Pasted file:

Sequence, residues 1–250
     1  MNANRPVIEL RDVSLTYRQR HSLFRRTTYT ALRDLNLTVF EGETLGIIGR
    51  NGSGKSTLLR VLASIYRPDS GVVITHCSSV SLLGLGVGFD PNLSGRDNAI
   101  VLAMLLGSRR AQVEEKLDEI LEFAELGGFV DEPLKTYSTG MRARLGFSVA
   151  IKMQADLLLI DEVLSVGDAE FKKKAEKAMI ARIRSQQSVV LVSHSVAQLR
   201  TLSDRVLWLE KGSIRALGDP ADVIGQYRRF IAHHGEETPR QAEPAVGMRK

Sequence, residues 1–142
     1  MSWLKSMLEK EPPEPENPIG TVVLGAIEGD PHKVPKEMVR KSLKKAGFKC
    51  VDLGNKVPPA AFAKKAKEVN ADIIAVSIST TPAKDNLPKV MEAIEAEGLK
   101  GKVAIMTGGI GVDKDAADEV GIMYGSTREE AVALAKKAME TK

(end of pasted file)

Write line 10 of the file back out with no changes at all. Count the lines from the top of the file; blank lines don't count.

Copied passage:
   101  GKVAIMTGGI GVDKDAADEV GIMYGSTREE AVALAKKAME TK